As providers, we must be able to keep up with that trend. In terms of 4G coverage, Belgium ranks seventh in the European league table, with the Netherlands (16), Germany (19) and France (25) lagging far behind. Telenet is investing 250 million euros. The mobile infrastructure will be given a thorough update, and by 2020 there will be up to a thousand new sites to strengthen the capacity and expand the coverage of 3G, 4G and 4.5G.

And what about 5G, I hear you think? Well, we are working on that as well. When we opened our innovation centre in Brussels, we announced our partnership with Chinese telecom giant ZTE, with whom we will test the launch of 5G in Flanders. We will keep you posted on developments in that area through this channel.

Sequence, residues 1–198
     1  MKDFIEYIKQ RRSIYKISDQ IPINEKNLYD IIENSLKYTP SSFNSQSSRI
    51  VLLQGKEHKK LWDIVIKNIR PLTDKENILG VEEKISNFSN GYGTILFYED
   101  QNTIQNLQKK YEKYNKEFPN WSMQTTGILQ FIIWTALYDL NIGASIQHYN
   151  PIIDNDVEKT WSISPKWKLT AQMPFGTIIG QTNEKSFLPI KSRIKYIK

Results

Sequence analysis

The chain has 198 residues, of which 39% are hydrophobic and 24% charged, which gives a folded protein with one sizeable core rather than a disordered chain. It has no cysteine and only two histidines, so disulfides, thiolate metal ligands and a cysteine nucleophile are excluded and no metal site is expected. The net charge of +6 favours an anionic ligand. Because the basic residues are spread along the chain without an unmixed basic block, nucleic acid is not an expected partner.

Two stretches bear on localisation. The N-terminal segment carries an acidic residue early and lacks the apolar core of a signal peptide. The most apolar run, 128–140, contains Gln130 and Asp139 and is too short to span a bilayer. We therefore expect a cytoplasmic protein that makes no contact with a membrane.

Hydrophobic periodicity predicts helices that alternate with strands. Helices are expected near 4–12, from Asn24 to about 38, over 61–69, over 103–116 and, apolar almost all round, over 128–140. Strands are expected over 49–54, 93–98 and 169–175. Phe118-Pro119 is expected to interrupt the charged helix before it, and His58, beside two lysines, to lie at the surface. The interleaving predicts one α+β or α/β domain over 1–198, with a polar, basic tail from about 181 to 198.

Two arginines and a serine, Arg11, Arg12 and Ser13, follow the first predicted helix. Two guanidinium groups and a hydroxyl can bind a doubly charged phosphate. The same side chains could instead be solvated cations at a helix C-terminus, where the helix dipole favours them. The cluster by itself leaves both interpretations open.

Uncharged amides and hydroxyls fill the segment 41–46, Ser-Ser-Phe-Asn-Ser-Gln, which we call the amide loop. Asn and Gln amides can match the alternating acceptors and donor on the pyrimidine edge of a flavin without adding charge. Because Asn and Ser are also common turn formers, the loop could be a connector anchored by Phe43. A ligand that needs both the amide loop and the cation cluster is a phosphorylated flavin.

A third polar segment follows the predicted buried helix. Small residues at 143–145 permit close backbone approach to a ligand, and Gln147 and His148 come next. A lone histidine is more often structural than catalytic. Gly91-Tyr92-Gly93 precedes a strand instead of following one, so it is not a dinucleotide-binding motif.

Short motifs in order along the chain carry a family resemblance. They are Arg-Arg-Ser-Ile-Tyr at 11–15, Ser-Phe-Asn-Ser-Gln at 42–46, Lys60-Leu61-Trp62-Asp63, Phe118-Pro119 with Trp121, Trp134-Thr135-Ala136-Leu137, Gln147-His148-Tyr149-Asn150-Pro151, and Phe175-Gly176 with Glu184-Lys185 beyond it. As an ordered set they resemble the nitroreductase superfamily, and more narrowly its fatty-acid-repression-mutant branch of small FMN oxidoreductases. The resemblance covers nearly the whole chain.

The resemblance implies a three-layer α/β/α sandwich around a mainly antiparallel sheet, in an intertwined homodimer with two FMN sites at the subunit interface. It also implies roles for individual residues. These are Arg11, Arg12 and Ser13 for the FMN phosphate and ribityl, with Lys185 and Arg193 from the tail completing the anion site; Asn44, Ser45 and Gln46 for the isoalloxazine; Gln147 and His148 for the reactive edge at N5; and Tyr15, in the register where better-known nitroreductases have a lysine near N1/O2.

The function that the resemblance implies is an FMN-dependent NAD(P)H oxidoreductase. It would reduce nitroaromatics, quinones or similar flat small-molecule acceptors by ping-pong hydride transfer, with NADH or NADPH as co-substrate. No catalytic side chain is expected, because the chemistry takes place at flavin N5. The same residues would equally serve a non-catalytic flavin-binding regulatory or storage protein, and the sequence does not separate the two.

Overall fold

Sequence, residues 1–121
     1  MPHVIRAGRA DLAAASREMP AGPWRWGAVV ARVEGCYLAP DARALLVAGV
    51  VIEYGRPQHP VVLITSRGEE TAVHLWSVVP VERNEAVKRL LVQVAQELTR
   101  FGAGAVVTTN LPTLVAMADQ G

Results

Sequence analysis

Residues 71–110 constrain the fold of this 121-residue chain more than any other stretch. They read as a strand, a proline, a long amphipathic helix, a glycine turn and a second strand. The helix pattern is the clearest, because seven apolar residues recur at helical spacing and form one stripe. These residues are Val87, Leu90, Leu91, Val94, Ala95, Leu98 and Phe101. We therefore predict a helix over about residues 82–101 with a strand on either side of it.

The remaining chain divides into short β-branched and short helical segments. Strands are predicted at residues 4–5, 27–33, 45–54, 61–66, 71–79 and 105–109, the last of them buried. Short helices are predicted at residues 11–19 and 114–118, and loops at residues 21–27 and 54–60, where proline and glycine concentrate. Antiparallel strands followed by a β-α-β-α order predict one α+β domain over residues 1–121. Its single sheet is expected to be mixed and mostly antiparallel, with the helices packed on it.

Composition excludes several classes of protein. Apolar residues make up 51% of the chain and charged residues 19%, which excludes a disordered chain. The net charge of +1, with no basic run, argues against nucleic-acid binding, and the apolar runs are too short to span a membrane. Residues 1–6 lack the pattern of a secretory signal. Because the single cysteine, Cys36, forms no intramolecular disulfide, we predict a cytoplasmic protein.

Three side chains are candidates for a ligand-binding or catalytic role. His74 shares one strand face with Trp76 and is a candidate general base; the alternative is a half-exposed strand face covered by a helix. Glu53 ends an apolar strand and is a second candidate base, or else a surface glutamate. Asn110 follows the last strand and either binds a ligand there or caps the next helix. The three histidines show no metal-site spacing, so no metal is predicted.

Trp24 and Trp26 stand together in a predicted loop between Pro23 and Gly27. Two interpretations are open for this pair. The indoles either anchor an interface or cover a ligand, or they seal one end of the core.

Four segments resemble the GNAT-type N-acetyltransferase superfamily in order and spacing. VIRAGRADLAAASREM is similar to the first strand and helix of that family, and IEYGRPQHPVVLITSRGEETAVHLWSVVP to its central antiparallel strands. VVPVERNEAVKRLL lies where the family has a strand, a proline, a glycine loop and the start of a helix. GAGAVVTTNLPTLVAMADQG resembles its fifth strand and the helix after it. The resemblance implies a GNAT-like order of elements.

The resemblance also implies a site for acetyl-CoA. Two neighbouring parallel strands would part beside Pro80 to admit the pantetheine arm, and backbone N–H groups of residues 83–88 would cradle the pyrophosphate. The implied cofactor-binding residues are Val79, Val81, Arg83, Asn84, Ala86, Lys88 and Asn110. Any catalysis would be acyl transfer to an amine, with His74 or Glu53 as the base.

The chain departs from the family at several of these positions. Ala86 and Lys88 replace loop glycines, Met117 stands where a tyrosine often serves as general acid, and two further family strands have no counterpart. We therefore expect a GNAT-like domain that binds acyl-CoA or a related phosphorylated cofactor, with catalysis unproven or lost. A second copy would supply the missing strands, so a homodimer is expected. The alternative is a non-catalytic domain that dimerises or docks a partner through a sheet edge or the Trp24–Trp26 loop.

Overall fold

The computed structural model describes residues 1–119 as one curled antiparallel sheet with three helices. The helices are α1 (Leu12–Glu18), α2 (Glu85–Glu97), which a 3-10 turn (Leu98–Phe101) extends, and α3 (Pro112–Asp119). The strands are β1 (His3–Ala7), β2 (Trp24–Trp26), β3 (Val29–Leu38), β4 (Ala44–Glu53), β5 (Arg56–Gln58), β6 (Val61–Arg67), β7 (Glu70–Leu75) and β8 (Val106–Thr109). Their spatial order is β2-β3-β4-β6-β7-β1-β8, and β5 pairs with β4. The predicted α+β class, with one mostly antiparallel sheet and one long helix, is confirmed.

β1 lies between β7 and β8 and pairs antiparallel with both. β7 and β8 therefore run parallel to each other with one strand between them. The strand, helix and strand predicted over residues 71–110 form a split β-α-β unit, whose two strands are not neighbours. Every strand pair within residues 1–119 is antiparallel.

[1]  DESI:  https://ec.europa.eu/digital-single-market/en/news/study-broadband-coverage-europe-2016

[2]  http://www.wiwo.de/my/technologie/digitale-welt/digitalisierung-die-illusion-vom-schnellen-internet/19819360.html?ticket=ST-2778008-xr6TJebtFAcBijnhiiZk-ap4

[3] NGA: Next Generation Access: FTTP, VDSL and Docsis 3.0

[4] Cisco: https://www.cisco.com/c/en/us/solutions/collateral/service-provider/visual-networking-index-vni/complete-white-paper-c11-481360.html

by Ann Caluwaerts Chief Corporate Affairs